BHP reveals multiple braking failures on ore train
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BHP Billiton has disclosed that the driver of last week’s runaway iron ore train failed to engage the emergency air brake after getting out to check on a problem with another part of the braking system.
It has also disclosed the driver was out of the train for at least one hour. As a result, the electric braking system that initially stopped the train was automatically released.
In addition, its backup braking system was not able to deploy successfully due to an unspecified integration failure.
These are the key findings of its preliminary internal investigation into the derailment of the iron ore train in the Pilbara nearly two weeks ago.
The train, with four locomotives and 268 wagons laden with iron ore, was deliberately derailed after travelling 92 kilometres with no-one on board.
The derailment damaged 1.5km of track and forced BHP to temporarily halt all train haulage in the Pilbara.
WA Iron Ore president Edgar Basto said the initial findings of the investigation showed the train came to a stop after a braking system control cable became disconnected.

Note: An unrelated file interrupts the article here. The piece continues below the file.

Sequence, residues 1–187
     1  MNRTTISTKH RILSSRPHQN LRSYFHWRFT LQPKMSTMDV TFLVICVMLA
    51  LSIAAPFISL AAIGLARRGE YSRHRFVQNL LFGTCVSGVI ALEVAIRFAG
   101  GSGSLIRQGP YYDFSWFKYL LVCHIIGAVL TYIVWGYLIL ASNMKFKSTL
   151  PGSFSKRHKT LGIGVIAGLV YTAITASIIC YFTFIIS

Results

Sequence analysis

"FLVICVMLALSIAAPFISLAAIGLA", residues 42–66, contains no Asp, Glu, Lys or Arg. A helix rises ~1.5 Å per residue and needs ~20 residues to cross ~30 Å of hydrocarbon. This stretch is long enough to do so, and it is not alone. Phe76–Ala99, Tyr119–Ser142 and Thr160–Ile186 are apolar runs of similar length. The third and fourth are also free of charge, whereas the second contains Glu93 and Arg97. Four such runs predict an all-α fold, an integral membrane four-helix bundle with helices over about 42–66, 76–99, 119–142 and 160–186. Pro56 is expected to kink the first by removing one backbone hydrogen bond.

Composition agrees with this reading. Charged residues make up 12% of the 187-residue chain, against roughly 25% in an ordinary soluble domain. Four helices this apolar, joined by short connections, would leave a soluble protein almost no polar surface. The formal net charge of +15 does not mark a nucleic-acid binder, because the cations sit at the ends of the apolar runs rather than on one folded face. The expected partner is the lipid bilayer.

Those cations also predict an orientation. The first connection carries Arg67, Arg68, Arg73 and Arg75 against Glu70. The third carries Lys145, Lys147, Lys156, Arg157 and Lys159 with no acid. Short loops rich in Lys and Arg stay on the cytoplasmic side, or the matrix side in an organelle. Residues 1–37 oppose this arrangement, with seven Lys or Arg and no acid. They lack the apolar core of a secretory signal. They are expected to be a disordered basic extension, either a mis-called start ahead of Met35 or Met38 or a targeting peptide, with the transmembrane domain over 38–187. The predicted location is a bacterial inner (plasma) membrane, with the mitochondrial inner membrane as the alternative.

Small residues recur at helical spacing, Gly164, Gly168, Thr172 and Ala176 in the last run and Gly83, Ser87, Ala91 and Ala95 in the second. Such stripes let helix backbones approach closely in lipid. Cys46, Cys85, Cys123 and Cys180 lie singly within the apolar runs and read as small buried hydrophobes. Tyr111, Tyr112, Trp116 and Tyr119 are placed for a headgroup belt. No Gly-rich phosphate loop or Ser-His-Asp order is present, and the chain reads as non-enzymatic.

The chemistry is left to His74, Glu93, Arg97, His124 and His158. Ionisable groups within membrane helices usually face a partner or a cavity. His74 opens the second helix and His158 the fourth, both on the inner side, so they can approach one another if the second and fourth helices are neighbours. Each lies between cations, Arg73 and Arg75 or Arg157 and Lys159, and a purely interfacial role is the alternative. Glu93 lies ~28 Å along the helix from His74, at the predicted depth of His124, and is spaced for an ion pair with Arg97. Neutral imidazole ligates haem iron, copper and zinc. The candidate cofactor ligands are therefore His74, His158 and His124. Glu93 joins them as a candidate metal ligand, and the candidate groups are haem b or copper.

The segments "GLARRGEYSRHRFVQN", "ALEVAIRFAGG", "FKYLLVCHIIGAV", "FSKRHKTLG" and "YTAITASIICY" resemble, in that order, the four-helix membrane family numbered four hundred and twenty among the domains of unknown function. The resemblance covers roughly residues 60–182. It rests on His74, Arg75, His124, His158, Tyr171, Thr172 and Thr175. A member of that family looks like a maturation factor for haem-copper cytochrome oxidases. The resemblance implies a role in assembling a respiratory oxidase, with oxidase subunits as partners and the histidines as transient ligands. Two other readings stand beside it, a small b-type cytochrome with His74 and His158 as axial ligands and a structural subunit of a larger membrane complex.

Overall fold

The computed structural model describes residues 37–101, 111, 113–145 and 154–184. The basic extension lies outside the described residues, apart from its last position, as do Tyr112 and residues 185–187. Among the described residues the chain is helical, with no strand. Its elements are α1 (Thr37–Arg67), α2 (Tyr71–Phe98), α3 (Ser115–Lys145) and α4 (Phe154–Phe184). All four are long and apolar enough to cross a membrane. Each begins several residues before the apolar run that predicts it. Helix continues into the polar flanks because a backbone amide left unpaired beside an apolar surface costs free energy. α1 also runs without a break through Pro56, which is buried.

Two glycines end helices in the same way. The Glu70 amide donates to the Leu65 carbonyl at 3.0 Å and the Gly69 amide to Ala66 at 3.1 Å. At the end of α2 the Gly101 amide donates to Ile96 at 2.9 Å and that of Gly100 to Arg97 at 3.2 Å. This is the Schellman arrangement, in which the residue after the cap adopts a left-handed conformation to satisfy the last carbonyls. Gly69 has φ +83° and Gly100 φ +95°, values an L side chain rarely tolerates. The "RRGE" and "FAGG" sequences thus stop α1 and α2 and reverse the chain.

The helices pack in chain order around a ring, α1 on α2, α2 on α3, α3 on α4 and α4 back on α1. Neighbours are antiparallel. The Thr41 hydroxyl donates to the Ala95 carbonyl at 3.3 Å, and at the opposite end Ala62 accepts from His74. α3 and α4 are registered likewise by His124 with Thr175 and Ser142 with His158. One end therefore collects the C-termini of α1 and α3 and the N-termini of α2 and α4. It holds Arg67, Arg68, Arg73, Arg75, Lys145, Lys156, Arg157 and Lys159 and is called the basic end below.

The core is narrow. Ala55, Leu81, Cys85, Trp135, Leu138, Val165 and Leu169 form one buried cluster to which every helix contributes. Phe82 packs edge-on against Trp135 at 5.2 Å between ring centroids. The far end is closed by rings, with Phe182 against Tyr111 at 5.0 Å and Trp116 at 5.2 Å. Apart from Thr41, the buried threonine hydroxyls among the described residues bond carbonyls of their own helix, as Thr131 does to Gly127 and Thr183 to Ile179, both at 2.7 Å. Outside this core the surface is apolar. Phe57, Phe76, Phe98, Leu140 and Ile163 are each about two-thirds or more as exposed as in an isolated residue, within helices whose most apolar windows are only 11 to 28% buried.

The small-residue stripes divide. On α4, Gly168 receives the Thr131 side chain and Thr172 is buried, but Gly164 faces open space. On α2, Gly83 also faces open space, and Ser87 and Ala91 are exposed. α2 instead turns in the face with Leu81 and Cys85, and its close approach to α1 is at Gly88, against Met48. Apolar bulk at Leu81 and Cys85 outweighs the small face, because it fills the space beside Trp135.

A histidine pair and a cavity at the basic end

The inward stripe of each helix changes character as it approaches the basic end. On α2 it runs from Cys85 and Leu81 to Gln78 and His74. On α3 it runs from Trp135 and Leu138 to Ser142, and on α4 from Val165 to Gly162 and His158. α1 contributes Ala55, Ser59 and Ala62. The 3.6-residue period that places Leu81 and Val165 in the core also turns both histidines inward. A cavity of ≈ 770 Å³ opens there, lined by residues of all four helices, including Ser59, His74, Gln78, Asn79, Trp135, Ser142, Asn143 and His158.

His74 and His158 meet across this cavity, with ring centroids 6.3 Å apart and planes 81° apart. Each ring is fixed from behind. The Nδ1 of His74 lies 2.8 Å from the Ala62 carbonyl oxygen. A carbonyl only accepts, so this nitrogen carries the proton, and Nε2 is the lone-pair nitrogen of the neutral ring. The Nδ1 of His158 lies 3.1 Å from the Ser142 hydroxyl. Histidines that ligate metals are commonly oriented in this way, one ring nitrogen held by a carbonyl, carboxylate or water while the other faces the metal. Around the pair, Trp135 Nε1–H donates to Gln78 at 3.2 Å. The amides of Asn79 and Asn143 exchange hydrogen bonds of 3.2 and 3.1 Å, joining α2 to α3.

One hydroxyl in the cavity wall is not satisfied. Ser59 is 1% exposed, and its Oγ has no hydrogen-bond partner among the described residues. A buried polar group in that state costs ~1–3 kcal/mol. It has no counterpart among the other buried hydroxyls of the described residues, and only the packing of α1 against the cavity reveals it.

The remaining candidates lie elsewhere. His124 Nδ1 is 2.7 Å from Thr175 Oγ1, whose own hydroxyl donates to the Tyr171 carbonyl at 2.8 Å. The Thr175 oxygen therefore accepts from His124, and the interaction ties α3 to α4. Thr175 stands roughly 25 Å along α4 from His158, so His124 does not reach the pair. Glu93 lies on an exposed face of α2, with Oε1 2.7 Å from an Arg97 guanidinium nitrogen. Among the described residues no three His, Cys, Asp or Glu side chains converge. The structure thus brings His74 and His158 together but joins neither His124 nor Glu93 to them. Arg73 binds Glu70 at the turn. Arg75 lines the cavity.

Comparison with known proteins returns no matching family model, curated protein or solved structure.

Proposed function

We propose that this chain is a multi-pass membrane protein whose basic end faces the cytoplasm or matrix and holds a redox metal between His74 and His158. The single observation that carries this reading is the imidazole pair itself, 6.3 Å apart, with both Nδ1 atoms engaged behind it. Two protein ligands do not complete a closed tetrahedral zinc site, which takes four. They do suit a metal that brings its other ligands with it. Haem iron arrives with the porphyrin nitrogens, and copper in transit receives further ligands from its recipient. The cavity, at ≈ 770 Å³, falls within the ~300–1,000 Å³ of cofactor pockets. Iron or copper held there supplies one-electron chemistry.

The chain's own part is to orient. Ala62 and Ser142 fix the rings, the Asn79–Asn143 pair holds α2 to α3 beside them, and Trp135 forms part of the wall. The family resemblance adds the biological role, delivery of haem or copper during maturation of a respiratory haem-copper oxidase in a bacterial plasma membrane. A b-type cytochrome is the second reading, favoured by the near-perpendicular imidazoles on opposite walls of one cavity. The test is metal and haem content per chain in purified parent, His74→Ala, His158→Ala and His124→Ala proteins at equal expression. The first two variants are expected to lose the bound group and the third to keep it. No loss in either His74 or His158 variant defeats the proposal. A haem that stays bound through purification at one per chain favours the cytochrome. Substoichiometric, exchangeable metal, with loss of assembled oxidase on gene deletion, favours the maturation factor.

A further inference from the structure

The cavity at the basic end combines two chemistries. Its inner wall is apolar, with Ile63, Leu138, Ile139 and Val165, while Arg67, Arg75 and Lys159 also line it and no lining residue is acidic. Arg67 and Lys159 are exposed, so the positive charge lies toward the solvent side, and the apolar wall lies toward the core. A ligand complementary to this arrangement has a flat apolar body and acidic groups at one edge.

“The train began to move after the driver had disembarked to carry out an inspection, becoming what is termed a 'rollaway' train,” Mr Bastos said in a statement.
“The train was then derailed intentionally, because it could not be brought to a stop with the braking system.”
Mr Basto said the preliminary internal investigation sought to understand why the rollaway occurred, and why the train could only be brought to a stop by derailment.
“Our initial findings show that the emergency air brake for the entire train was not engaged as required by the relevant operating procedure,” he said.
“In addition, the electric braking system that initially stopped the train, automatically released after one hour while the driver was still outside.
“Due to integration failure of the backup braking system, it was not able to deploy successfully.”
Regulatory investigations are ongoing.